Does your job allow you to have a lifestyle you are happy with?

For me my job was never about money. Who ever heard of a rich marine biologist? During my time as an electrician I found that I was generally dissatisfied (don’t get me wrong, being an electrician is a great job – it just didn’t float my boat). You work five days a week for most of the year, so your job is largely your life and it makes sense that if you are not happy in work then it’s hard to be happy outside of it. So for me it was important that I found something that inspired and challenged me.

I guess I’m a bit of a stargazer who always asked questions about the world. Now that I’m a marine biologist I’m very happy and get to ask questions every day. I could always do with more money but hey, I get to go out in boats mTom DDost weeks doing stuff that most other people pay a fortune for, so maybe it all balances out in the end. On the down side there aren’t many opportunities for me to progress as there is no career path. We just make it up as we go along. Hopefully one day there will be permanent research positions in the universities.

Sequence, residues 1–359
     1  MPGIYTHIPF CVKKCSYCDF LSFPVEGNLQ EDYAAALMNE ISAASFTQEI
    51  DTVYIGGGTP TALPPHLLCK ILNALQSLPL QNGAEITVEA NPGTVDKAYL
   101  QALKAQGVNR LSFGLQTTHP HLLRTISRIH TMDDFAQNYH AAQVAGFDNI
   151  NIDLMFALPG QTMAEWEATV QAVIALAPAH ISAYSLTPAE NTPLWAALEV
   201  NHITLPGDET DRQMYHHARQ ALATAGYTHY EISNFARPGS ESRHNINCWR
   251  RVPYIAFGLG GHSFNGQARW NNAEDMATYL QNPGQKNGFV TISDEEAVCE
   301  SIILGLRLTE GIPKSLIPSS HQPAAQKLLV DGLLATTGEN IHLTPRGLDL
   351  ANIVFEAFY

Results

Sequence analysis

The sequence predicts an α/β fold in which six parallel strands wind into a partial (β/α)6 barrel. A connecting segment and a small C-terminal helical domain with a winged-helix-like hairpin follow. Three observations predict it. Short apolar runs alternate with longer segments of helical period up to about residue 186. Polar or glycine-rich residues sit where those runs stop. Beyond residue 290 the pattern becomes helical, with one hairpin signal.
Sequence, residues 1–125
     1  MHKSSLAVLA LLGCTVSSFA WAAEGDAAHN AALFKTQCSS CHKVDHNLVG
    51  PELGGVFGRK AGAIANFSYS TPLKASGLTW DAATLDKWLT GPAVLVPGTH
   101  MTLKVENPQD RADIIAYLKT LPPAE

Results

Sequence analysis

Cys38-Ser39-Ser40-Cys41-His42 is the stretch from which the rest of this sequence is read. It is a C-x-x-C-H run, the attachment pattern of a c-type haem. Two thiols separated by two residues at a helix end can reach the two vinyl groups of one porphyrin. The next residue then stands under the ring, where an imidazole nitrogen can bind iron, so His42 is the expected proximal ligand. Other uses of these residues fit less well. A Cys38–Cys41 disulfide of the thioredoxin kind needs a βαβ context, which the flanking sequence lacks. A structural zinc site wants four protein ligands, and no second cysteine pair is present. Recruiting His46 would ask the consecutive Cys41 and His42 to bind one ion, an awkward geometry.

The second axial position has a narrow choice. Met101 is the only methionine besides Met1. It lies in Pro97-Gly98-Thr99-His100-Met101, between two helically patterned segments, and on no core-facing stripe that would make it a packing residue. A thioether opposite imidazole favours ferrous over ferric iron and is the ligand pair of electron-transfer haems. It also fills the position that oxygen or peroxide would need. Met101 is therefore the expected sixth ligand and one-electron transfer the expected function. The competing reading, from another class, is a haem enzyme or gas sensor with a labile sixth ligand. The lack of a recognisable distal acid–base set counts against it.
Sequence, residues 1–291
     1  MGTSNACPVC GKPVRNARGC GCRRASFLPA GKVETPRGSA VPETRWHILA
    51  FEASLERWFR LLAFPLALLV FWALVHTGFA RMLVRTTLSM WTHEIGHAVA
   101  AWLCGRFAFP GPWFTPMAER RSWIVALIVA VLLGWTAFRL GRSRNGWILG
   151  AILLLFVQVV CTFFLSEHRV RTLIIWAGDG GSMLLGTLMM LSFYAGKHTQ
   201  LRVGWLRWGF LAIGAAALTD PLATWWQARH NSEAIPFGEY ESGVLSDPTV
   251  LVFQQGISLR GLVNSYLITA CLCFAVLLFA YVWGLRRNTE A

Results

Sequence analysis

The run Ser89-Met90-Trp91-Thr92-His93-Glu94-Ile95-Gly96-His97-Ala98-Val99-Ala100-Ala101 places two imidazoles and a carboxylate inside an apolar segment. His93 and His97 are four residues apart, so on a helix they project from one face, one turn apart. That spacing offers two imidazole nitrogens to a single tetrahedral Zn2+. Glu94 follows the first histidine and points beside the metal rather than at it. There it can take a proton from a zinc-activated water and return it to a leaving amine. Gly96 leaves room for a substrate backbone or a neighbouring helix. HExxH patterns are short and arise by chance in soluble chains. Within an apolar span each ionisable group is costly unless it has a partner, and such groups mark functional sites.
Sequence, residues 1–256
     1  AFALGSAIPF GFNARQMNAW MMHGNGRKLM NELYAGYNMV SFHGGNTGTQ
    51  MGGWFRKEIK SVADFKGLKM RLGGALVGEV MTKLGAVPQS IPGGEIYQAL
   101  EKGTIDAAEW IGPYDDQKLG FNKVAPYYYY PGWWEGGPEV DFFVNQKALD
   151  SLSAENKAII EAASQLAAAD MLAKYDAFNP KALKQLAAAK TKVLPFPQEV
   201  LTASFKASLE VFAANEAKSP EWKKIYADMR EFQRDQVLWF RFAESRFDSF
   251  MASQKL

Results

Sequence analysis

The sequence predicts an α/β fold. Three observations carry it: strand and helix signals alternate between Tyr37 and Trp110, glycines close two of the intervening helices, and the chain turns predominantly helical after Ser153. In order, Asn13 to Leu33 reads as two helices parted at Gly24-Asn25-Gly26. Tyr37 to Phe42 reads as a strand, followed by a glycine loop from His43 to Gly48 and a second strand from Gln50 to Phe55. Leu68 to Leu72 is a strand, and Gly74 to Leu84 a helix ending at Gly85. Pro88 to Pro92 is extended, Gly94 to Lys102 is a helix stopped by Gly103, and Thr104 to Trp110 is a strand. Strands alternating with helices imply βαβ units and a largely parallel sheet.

How did you go about getting your current job?

I’m a postdoctoral researcher which means that I have a licence to do research as long as you can convince a funding body that what you want to do is worth funding. So essentially you spend a lot of time writing proposals for work that you would like to do. The job I do now is a job that I wrote the proposal for and won. It’s very competitive but proposal writing is a skill that you learn and hopefully get better at. On the up side, you get to write your own job spec!